The Distinguished Service Order
The Distinguished Service Order (DSO) is the second in precendence military decoration of the United Kingdom (behind only the Victoria Cross), and formerly of other parts of the Commonwealth, awarded for meritorious or distinguished service by officers of the armed forces during wartime, typically in actual combat. Since 1993 it has been awarded specifically for 'highly successful command and leadership during active operations', with all ranks being eligible
Instituted on 6 September 1886 by Queen Victoria in a Royal Warrant published in The London Gazette on 9 November, the first DSOs awarded were dated 25 November 1886.
The order was established to reward individual instances of meritorious or distinguished service in war. It was a military order, until recently for officers only, and typically awarded to officers ranked major (or equivalent) or higher, with awards to ranks below this usually for a high degree of gallantry, just short of deserving the Victoria Cross. While normally given for service under fire or under conditions equivalent to service in actual combat with the enemy, a number of awards made between 1914 and 1916 were under circumstances not under fire, often to staff officers, causing resentment among front-line officers. After 1 January 1917, commanders in the field were instructed to recommend this award only for those serving under fire.
From 1916, ribbon bars could be authorised for subsequent awards of the DSO, worn on the ribbon of the original award. In 1942, the award was extended to officers of the Merchant Navy who had performed acts of gallantry while under enemy attack. A requirement that the order could be given only to someone mentioned in despatches was removed in 1943.
The Distinguished Service Order is issued unnamed, but from 1938 the year of the award has been recorded on the reverse of the suspender bar.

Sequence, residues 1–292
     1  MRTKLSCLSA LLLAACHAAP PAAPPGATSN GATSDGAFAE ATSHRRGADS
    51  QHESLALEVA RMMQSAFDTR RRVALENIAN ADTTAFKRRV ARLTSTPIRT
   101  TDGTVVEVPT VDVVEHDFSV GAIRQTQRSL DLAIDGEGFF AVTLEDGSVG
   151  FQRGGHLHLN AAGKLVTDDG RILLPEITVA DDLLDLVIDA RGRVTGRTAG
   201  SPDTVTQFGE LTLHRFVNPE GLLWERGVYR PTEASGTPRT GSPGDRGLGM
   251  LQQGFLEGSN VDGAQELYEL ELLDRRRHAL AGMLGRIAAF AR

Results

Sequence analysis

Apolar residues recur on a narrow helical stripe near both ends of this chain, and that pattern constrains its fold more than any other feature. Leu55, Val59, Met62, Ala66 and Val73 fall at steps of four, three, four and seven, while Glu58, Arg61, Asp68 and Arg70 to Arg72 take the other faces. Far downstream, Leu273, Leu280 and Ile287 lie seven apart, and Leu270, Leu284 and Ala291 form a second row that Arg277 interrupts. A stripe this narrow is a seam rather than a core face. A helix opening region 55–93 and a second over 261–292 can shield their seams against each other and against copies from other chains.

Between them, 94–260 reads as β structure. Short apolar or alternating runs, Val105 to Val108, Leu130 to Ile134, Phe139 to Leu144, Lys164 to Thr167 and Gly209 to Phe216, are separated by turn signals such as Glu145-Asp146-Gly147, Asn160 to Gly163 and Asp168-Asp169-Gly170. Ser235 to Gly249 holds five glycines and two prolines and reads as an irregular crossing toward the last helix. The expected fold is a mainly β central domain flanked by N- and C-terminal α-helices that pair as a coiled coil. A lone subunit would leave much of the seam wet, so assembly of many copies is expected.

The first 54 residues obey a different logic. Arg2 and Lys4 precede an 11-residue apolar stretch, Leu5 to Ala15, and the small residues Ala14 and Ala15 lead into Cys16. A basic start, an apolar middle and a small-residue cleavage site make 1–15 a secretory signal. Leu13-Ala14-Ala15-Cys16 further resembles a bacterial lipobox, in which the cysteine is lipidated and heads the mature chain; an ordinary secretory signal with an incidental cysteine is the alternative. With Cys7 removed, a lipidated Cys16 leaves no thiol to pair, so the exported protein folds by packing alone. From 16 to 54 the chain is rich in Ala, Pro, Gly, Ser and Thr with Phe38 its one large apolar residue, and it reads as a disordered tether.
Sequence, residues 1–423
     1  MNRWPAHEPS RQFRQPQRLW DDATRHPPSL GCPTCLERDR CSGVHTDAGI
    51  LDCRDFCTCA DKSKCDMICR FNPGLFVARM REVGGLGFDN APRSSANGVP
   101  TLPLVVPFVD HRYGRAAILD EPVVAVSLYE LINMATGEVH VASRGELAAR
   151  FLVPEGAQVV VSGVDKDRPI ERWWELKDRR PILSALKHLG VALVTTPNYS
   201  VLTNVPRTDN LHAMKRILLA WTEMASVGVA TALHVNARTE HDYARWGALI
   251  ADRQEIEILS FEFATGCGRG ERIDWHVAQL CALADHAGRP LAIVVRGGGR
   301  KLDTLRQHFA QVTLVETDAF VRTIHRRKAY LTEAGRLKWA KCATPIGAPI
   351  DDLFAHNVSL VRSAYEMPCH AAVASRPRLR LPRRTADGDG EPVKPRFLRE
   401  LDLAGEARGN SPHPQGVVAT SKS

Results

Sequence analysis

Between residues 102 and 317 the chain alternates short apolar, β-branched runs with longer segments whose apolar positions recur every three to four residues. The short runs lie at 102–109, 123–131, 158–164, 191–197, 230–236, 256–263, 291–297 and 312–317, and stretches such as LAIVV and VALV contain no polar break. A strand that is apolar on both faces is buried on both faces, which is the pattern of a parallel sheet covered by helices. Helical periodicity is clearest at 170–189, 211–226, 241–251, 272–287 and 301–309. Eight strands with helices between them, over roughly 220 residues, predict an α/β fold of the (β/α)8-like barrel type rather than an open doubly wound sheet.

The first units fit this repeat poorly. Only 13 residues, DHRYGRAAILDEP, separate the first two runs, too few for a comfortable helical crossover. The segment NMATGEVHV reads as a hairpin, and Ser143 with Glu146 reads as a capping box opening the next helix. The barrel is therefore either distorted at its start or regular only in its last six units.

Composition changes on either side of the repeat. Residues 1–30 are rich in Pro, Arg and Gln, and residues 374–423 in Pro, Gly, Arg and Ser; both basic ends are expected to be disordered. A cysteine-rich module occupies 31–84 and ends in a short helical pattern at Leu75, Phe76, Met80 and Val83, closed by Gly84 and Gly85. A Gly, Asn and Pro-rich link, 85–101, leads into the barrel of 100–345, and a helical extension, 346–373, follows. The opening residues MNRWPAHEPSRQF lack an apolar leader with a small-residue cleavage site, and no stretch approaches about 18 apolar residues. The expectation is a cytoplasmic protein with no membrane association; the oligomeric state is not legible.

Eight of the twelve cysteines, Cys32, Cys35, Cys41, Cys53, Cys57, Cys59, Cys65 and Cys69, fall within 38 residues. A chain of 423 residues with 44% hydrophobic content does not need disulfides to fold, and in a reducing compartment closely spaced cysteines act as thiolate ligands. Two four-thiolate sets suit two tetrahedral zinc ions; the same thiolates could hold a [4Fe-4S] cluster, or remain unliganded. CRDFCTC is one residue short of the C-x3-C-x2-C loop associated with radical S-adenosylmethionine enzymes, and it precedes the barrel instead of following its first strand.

Recipients of the Distinguished Service Order are entitled to use the post-nominal letters "DSO".
A white enameled cross with the Royal Crown in the centre surrounded by a laurel wreath.
Similar to the obverse, except that in the centre is the Royal Cypher surmounted by a crown, with a laurel wreath surrounding them.
38mm across the arms of the cross.
28mm wide, the ribbon is red with 5mm wide dark blue stripes at each edge. and white.
The suspender bar has laurel leaves on it. To this is attached an eyelet that passes through an eyelet attached to the top of the upper arm of the cross.
Royal Warrant For This Award
From 1918 to 2017, the insignia of the Distinguished Service Order has been awarded approximately 16,935 times, in addition to 1,910 bars.
The number awarded to 1979 reflects the relevant entries in the London Gazette:
- Pre World War I (1886–1913) - 1,732 medals awarded.
- World War I (1914–1919) - 9,881 medals, 768 first bars, 76 second bars, and 7 third bars.
- Inter–War (1919–1939) - 148 medals and 16 first bars.
- World War II (1939–1946 ) - 4,880 medals, 947 first bars, 59 second bars, and 8 third bars.
- Post–War Post–War (1947–1979) 204 medals, 20 first bars, 5 second bars, and 1 third bar.
Thus, a total of 16,845 medals, 1,751 first bars, 140 second bars, and 16 third bars were awarded between inception and 1979 alone.
In addition, between 1980 and 2017 approximately 90 DSOs were earned, including awards for the Falklands and the wars in the Gulf, Iraq and Afghanistan, in addition to three second-award bars.
The first awards to New Zealanders were made during the Boer War in 1900, when five were awarded. During the First World War 141 Orders and eight first bars were awarded to members of the New Zealand Army. During the Second World War members of the New Zealand Army, or New Zealanders serving with allied forces, were awarded 113 Orders, sixteen first bars, two second bars and one third bar. Members of the Royal New Zealand Air Force, or New Zealanders serving with allied forces, were awarded seventy three Orders and four first bars, while members of the Royal New Zealand Navy were awarded nine Orders and one first bar. Four Orders were awarded to members of the New Zealand Army in Korea and one in Malaya.